Presidential candidates can't afford to ignore diaspora voice

Roots Political Party Presidential Aspirant George Wajackoya right with IEBC Chairman Wafula Chebukati when he appeared to present his nomination papers. [Samson Wire. Standard]

The Government has now and again recognised the role of its citizens working abroad, terming them a key cog in the country’s political and economic growth. On Labour Day, the Government said remittances from diaspora Kenyans had increased by Sh250 billion since 2013.

The remittances now stand at an impressive Sh375 billion annually compared to Sh117 billion some 10 years ago, with development agencies singling out the Kenyan diaspora as among the most versatile.

Apart from the positive contribution to the economy and betterment of their families back home, Kenyans living in other countries have sustained a positive portrayal of the brand Kenya.

Considering the central place of the diaspora Kenyans in the future of the nation, it is imperative that those aspiring for office in the August 9 elections engage them fully. They have a stake and leaders ignoring them can only do so at their peril.

Other than Azimio leaders Raila Odinga and ‘Iron Lady’ Martha Karua, I am yet to see the other contenders commit themselves to working with diaspora Kenyans, not just for the purpose of the forthcoming vote, but for posterity.

Could it be that other parties think the diaspora is inconsequential given the low voters numbers registered abroad? Forget the numbers. Focus should be on the estimated two million diaspora population active on social media with financial means and influence. Their liberal views define them as powerful opinion shapers.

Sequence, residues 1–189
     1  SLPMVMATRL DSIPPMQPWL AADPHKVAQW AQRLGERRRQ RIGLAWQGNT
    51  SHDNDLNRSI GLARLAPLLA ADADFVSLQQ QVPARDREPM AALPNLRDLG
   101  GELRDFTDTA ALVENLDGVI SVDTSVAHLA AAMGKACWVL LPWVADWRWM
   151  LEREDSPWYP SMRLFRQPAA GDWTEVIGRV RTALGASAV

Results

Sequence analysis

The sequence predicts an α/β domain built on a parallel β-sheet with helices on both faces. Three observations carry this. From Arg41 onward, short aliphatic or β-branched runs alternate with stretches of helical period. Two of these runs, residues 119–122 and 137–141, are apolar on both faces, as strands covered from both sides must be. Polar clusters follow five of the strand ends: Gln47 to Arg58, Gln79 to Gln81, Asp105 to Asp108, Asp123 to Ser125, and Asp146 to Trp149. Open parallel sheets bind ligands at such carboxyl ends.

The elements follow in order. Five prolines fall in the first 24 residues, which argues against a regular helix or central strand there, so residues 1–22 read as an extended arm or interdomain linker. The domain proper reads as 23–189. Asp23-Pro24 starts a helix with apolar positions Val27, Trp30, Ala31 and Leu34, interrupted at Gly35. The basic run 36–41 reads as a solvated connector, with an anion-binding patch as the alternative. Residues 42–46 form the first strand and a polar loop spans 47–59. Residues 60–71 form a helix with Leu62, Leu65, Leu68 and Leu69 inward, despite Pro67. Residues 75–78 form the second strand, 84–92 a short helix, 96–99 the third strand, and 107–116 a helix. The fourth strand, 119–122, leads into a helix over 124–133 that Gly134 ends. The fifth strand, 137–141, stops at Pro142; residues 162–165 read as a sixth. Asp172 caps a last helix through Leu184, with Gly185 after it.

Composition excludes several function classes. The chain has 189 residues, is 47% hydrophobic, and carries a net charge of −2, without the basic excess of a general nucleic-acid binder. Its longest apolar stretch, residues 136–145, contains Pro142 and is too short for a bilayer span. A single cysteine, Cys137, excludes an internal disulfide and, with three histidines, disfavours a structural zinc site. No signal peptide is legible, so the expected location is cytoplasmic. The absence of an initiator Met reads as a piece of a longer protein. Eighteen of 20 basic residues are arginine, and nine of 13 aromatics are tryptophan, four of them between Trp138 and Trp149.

Raila and Karua teams have appreciated the influence of the diaspora and through visits and virtual meetings, they have been mobilising the diaspora to use their influence back home to encourage people to vote for change.

The diaspora live in big metropole cities that are multicultural. They have different opinions on women in leadership, equality and diversity which those eyeing political office should tap into.

Raila promised the diaspora a country that works like the nations they live. He promised a quick realization of e-voting, diaspora representation and unmatched investments

Karua, Charity Ngilu, Hassan Joho, Sabina Chege, Peter Kenneth, James Ongwae, Sally Kosgey and Moses Kajwang who accompanied Raila on a recent UK trip were unanimous on the need for enhanced diaspora engagement. The continued neglect of diversity, equity, and inclusion creates serious national security vulnerabilities such social unrests as witnessed in 2007. Africa is replete with examples like Ethiopia and many Francophone nations.

Kenya Kwanza strategists seem to have slept on the job. Apart from failing to fully engage the diaspora Kenyans, they forgot women are a key constituency. The diaspora have a stake in the country future. 

The writer is Azimio-UK official and member of Chatham House and Woodrow Wilson think-tank